Preventing Case Over Valuation
Why Attorneys Tend to Overvalue Their Cases and What to Do!
Research indicates that most lawyers over value their cases, and what is even more fascinating, it does not matter how long the attorney has been in practice! There are a number of reasons over valuation occurs; sometimes the answer is just that the attorney did not spend enough time reviewing the case, or failed to consider getting a second opinion. Then there are significant psychological factors that influence case valuation: anchoring, confirmation bias, and just plain old over confidence. The good news is there are some very simple steps that one can take to prevent making a significant mistake. This article discusses the research and steps parties can take to avoid overvaluing a case.
Research indicates that most lawyers over value their cases, and what is even more fascinating, it does not matter how long the attorney has been in practice! Â There are a number of reasons over valuation occurs; sometimes the answer is just that the attorney did not spend enough time reviewing the case, or failed to consider getting a second opinion.Â Then there are significant psychological factors that influence case valuation: anchoring, confirmation bias, and just plain old over confidence.Â The good news is there are some very simple steps that one can take to prevent making a significant mistake.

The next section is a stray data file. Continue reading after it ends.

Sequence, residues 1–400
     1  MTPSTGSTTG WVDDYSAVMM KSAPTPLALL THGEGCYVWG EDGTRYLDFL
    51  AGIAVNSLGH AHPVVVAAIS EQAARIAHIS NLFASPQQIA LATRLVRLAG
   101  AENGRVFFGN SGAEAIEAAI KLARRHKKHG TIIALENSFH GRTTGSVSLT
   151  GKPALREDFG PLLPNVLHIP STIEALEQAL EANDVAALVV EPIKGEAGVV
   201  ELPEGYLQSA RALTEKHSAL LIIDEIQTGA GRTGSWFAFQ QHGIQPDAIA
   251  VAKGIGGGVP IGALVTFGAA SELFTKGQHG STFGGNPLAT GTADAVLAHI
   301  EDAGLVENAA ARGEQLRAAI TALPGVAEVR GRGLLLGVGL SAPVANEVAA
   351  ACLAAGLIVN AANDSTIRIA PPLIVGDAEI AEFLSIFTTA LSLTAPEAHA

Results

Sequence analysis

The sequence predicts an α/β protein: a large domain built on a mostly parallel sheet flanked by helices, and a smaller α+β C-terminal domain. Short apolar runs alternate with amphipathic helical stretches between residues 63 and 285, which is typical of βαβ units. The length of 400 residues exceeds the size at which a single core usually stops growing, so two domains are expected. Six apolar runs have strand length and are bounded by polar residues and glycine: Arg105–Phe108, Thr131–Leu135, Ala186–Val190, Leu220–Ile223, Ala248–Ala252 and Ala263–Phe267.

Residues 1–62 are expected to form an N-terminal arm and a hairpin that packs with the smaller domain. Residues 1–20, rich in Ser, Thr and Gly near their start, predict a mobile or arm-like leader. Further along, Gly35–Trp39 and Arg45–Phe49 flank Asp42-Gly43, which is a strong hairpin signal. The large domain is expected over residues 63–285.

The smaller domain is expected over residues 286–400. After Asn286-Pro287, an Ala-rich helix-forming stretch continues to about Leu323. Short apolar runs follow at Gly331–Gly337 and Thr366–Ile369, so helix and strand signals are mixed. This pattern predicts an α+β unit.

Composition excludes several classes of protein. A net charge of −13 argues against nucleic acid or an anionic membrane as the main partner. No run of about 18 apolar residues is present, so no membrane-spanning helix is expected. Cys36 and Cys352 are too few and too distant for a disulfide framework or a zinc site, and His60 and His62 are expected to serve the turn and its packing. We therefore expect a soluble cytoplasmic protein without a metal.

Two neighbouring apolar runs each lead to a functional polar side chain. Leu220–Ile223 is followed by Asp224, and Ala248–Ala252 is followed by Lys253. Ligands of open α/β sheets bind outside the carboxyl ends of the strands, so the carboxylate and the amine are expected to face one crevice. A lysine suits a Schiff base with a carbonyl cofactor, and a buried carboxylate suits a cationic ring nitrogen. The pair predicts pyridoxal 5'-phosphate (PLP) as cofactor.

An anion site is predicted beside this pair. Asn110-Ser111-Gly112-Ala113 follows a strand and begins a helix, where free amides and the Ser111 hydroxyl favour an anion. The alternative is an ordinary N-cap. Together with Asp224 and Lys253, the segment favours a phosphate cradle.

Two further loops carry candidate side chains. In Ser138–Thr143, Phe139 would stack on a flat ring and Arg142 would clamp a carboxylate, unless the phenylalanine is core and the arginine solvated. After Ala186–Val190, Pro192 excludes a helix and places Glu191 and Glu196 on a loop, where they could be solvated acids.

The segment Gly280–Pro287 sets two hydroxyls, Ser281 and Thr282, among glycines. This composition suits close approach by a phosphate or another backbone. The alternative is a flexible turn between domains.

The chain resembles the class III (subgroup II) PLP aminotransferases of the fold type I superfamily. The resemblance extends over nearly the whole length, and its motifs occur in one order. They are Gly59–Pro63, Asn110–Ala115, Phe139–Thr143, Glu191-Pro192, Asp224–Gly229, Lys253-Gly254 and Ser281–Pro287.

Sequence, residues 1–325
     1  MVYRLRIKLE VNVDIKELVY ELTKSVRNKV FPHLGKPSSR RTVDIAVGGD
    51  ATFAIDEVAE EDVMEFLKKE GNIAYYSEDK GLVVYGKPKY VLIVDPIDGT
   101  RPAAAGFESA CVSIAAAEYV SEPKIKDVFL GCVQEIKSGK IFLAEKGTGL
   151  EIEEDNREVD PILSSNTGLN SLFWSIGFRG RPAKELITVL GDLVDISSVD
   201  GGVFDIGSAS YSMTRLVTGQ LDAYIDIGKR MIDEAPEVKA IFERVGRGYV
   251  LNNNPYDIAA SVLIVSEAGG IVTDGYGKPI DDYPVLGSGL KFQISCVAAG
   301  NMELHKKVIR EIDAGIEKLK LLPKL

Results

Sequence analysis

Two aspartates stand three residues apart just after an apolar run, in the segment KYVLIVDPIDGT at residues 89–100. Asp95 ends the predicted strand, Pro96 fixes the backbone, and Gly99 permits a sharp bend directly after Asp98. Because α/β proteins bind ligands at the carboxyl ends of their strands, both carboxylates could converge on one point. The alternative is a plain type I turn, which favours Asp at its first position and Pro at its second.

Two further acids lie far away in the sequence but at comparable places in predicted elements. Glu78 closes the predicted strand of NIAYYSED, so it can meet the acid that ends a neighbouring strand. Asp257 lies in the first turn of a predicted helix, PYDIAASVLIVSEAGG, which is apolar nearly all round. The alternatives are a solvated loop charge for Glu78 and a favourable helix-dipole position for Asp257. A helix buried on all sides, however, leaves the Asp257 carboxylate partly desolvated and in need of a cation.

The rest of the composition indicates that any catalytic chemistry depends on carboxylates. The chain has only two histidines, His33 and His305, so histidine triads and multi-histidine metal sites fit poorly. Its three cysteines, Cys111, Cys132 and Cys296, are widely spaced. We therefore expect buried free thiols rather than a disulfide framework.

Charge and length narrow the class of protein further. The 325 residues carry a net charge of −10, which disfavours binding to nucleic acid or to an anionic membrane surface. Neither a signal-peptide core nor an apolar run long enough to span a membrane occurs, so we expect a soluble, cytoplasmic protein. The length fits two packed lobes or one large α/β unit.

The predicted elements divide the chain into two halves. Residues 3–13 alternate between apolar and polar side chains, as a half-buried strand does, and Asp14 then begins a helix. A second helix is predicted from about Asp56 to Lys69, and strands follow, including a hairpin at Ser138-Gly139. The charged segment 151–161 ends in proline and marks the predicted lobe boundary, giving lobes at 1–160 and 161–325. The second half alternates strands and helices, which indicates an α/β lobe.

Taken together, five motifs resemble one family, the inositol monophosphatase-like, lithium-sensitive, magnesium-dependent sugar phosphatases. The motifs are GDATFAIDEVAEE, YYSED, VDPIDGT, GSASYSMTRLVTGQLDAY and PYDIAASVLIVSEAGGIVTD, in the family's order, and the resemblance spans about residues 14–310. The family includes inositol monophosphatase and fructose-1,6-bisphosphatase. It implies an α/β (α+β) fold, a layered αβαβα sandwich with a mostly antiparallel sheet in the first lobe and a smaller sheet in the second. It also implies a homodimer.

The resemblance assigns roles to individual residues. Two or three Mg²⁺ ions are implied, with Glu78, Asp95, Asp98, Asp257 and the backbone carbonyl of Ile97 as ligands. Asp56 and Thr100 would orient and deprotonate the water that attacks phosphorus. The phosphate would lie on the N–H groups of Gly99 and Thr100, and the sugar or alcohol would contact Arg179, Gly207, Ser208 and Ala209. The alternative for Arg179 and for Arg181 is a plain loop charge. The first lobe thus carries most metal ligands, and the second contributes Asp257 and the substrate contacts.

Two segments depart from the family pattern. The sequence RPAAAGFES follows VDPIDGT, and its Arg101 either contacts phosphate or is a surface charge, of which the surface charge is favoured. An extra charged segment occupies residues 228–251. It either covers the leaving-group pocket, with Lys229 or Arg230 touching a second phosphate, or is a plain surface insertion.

Fundamental Causes for Over Evaluation
What makes an attorney over confident when evaluating his or her case? Â Was it the amount of time spent evaluating, or was it how or if all the various factors were considered? Â To what extent did the client influence over valuation? Â Is there something about the nature or characteristics of “lawyering” that fosters a tendency to over value a case?
Initial Evaluation: What is the process that the attorney uses to evaluate a case? Â To what extent are the strengths and weaknesses of the case realistically considered? Â Be honestâ€”there is no such thing as a perfect case.Â Remember that the goals an attorney focuses on are subjective and are influenced by many external forces.Â Without an honest analysis of the case, it makes it easier for the psychological factors to take hold, and blind the attorney to the case’s shortcomings.Â In some instances, all economic factors are not initially considered: discovery costs, duration of the process, client stress, cost of losing relationships, etc. Â To what extent does the attorney question his or her assumptions about the case? Â Some research indicates that people are more confident the further away the event; for example a trial.Â The initial assessment may well color an attorney’s value of the case.
Client Influence: According to one study, plaintiffs were more likely to over value their cases than defendants; however, the impact of the mistake was significantly more damaging for defendants; nearly 19 times! Â Is the lawyer’s decision regarding the value of the case influenced by the client’s estimate? Â Other researchers consider that “group think” may influence over valuation.Â The attorney and client believe “they cannot fail”, “are inherently better than their rivals”, or “rationalize away disconfirming data”.